Why UConn will win
HOUSTON – NCAA sanctions tarnished the reputation of their coach. A preseason poll predicted they would finish 10th in the Big East and, only a month ago, the Connecticut Huskies ended the 2010-11 regular season with four losses in five games.
Heck, last year, Jim Calhoun’s squad didn’t even make the NCAA tournament.
Yet here are the Huskies, one win away from a national championship.
“Entering the season,” forward Alex Oriakhi said, “I’m not sure any of us thought this was possible.”
Now it actually seems likely. While tonight’s game against Butler in Reliant Stadium promises to be an exciting affair, the edge should tilt toward the Huskies. Here are some reasons Connecticut is favored against Butler.
• Kemba Walker: The junior guard was one of college basketball’s top players during the regular season and has been the star of the NCAA tournament thus far. Walker is averaging 23.7 points on the season and 25 points in his last five games. Walker is already being hailed as one of the best players in school history along with former standouts such as Rip Hamilton, Ben Gordon, Emeka Okafor, Ray Allen and Caron Butler. Adding a national championship to his resume would only enhance his reputation. As good as he was during the regular season, Walker has made noticeable strides in the last few weeks. Sometimes known for taking ill-advised shots and trying to do too much, Walker has become much more team-oriented as of late. He’s averaging 7.8 assists during the NCAA tournament. His selfless play has helped elevate the performance of his teammates – especially freshmen Shabazz Napier, Roscoe Smith and Jeremy Lamb.
• Jim Calhoun: A victory Monday would make Calhoun just the fifth coach in NCAA history to win three or more national titles. The others: John Wooden, Adolph Rupp, Mike Krzyzewski and Bob Knight. That’s pretty elite company. Even more impressive is that Calhoun’s championships would’ve come in 1999, 2004 and 2011, meaning he used a completely different group of players to claim each crown. Guiding a team that finished ninth in the Big East with a 9-9 record to the NCAA title game is one of the greatest feats of Calhoun’s success-filled career. If the Huskies pull off the win, it will be interesting to see whether Calhoun retires in the ensuing days or opts to return in 2011-12. It will be tough to blame Calhoun if he decides to go out on top.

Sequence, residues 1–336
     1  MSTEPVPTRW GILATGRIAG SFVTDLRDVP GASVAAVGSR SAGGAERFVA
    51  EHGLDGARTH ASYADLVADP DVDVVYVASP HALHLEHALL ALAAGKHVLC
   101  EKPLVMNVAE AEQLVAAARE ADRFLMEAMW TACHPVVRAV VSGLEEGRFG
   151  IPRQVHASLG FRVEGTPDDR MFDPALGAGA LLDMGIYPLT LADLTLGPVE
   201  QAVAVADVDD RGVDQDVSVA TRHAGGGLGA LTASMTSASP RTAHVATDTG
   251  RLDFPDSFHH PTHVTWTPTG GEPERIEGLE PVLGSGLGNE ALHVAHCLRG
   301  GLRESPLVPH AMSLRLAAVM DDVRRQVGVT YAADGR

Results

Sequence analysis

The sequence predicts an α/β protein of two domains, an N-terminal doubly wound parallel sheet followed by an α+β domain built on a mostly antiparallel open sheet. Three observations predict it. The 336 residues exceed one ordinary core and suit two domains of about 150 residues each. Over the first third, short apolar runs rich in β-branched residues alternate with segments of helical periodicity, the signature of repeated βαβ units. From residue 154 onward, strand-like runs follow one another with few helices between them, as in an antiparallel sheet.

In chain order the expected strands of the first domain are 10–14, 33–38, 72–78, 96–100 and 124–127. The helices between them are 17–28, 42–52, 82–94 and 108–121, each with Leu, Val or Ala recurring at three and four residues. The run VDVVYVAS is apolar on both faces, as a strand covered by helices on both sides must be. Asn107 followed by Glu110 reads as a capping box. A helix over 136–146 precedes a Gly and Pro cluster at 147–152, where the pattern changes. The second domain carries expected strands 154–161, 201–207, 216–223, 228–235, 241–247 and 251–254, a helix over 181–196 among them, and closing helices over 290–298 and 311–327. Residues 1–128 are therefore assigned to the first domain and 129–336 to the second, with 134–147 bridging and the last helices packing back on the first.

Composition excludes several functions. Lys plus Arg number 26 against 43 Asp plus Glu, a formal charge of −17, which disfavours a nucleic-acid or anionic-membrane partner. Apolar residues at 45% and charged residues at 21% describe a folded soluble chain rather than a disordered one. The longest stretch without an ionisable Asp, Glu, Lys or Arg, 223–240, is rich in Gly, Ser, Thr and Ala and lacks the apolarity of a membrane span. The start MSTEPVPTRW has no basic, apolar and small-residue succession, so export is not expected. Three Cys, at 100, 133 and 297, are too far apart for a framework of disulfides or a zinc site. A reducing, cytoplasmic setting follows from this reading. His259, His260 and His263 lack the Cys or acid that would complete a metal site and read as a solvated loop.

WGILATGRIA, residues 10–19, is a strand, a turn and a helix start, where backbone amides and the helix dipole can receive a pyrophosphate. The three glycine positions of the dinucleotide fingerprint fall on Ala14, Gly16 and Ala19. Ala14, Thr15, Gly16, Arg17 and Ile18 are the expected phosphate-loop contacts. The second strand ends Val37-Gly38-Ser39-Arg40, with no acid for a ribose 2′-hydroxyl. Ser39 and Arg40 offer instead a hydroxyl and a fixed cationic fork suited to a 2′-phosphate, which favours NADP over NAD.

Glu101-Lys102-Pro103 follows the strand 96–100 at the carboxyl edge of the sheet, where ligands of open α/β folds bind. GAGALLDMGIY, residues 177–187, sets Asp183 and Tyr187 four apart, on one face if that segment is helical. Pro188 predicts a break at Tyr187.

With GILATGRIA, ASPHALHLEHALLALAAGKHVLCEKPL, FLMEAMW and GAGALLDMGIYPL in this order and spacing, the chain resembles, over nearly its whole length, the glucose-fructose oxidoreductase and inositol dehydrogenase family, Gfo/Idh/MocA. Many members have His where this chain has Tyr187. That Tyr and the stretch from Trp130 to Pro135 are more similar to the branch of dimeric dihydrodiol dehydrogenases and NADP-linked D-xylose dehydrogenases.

• Intangibles: Beginning with the first game of the Big East tournament on March 8, Connecticut enters Monday’s contest touting 10 straight victories. Because they played in the Big East, the Huskies are more battle-tested than Butler, which competes in the Horizon League. They also boast superior athleticism. Butler doesn’t have a future lottery pick on its roster – or at least not anyone that comes close to comparing to Walker, who is projected to go No. 6 overall in this summer’s draft. And even though Butler’s Brad Stevens is one of the top young coaches in the game, he doesn’t have a pair of national championship rings like Calhoun. Plus, just as it has all season, Connecticut is playing with a chip on its shoulder after being picked to finish 10th in the Big East by a panel of league coaches.